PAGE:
By Perry Smith
Business Journal Editor
Santa Clarita continues to sustain a jobless rate ahead of the rest of its neighbors and the L.A. County average, according to the latest data from the state’s Economic Development Division. The relatively good news for the local job market came amid the release of a scathing report on the department for its handling of the crisis brought on by COVID-19.
The seasonally adjusted unemployment rate in Los Angeles County increased over the month to 11% in December 2020, from a revised 10.9% in November 2020.
In Santa Clarita, the unemployment rate was 9.3%, which was helped by city support, as well as the return of filming, which plays a role in not only city revenue, but also as a part of the local economy that contributes tens of millions of dollars, per city estimates.
Unfortunately, it wasn’t all good news from the EDD in January.
An audit of the EDD — requested by state Senate Republicans, including Sen. Scott Wilk, R-Santa Clarita — found “The economic downturn worsened EDD’s already poor performance,” and even after adding numerous staff, EDD “only marginally improved the percentage of answered calls,” according to a statement from Wilk
Regional job market picture
For Los Angeles County, seasonal gains retreated as every industry sector registered year-over contractions, and was above the rate of 4.3 percent one year ago, according to EDD data.
Civilian employment decreased by 67,000 to 4,365,000 in December 2020, while unemployment decreased by 4,000 to 540,000, officials noted.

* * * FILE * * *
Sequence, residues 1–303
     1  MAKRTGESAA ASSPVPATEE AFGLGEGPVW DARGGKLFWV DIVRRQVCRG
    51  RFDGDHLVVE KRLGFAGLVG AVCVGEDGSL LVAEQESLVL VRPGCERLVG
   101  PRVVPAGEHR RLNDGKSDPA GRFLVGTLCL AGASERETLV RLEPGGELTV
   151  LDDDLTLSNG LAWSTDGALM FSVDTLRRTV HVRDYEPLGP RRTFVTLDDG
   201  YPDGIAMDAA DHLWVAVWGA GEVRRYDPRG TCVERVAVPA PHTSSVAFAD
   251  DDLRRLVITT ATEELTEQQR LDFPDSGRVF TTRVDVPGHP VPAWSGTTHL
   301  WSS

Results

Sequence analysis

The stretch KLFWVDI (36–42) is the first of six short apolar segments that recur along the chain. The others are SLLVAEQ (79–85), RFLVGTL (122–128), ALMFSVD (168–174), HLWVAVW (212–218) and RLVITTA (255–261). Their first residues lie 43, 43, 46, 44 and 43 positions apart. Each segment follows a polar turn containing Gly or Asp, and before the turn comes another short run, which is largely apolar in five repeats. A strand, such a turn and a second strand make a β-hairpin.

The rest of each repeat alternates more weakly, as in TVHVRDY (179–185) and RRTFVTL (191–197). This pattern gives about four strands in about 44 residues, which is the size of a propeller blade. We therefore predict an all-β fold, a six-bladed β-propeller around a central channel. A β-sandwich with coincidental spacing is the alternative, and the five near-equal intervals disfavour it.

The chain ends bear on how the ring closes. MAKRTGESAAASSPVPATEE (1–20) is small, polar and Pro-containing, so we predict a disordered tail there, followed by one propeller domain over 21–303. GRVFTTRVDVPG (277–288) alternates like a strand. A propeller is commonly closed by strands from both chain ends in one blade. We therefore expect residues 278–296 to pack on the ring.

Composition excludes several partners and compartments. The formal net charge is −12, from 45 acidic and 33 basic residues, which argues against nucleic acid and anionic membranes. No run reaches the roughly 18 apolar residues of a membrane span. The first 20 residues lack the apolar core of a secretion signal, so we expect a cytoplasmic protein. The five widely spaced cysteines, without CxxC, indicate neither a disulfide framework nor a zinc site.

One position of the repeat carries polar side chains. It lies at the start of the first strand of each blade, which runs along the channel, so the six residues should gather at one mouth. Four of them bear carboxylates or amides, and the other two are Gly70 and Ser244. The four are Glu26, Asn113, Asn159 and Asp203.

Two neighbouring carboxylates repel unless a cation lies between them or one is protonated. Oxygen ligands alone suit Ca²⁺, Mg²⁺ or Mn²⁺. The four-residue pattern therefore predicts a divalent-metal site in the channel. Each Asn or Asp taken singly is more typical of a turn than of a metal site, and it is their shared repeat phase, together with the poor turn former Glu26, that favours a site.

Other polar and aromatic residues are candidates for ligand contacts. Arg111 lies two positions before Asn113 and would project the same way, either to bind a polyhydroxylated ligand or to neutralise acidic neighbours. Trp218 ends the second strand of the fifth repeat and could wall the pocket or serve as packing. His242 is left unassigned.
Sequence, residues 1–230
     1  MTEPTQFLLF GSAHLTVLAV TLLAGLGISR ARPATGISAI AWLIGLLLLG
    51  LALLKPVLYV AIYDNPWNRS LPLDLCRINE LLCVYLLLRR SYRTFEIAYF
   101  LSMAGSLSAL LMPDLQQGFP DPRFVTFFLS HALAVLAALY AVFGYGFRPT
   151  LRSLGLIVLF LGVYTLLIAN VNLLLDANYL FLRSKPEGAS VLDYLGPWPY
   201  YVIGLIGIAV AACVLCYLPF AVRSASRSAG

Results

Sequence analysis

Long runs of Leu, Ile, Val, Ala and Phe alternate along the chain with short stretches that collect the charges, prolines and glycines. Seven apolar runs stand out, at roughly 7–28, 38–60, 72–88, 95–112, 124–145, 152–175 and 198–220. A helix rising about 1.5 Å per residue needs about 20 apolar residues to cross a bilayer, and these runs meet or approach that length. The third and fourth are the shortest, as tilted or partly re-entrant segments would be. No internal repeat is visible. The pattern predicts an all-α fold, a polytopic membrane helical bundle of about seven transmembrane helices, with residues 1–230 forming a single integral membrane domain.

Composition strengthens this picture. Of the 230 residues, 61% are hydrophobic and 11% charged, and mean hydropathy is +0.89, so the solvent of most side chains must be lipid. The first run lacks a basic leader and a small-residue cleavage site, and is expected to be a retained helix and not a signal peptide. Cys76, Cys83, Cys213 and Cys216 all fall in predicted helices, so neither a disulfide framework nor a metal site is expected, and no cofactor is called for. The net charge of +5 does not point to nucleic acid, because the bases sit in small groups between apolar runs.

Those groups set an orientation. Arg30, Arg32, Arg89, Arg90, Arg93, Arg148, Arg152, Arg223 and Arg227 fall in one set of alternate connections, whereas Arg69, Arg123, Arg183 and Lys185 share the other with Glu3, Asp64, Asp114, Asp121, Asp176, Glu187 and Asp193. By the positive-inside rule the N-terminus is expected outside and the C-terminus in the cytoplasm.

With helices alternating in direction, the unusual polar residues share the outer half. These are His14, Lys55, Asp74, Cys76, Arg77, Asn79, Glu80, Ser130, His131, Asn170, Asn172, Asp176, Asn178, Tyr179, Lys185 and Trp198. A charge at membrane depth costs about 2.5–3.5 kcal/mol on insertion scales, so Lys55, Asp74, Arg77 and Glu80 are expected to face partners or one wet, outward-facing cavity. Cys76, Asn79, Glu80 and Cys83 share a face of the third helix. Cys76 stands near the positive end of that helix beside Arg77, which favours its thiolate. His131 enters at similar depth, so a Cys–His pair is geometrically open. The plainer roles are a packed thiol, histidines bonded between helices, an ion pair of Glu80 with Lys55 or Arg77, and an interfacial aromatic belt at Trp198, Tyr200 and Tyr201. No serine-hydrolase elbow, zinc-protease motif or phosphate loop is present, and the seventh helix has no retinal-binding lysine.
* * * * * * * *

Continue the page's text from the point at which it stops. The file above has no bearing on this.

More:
Additionally, the civilian labor force decreased by more than 70,000 over the month to 4,905,000 in December 2020. (All of the above figures are seasonally adjusted.)
Between November 2020 and December 2020, total nonfarm employment in Los Angeles County decreased by 23,900 to 4,234,900.
Also in L.A. County, an expansion in professional and business services (+8,800) and trade, transportation and utilities (+7,800) helped offset job losses. Gains in professional and business services were centered on professional, scientific, and technical services (+5,400), while the transportation, warehousing, and utilities (+5,500) made up the bulk of the growth in trade, transportation, and utilities
The city has supported small businesses through both Shop Local and Eat Local, which helps businesses operate outdoors due to current health orders with free permits to do so, according to Jason Crawford, economic development director for the city, as well as other innovations.
“Those that have already received (the permits) are still active and can continue to operate with them, and any business that would need one is encouraged to reach out, and we will walk them through the process,” Crawford said.
The city has done what it can while local businesses have tried to do the same while constant changes in Public Health orders have made things extremely difficult.
In addition, the city is promoting its Safer Business Commitment program, which allows restaurants and businesses in the community to make the commitment to follow safety guidelines set forth by the U.S. Centers for Disease Control and Prevention and the L.A. County Department of Public Health.
Problems at the EDD
The auditors’ report revealed an increase in the number of backlogged claims and that rampant fraudulent unemployment claims are now at a staggering $11 billion — and could rise as high as $30 billion, according to a statement from Wilk’s office this week.
“The concern for what is going on at EDD has no party lines. Republicans may have been first to call attention to it last spring, but there isn’t an office in the Capitol that is not inundated with constituents needing assistance,” said Wilk. “This is truly appalling. When future generations look back on the pandemic, the Governor’s complete disregard for the dysfunction at EDD will go known as one of its biggest tragedies.”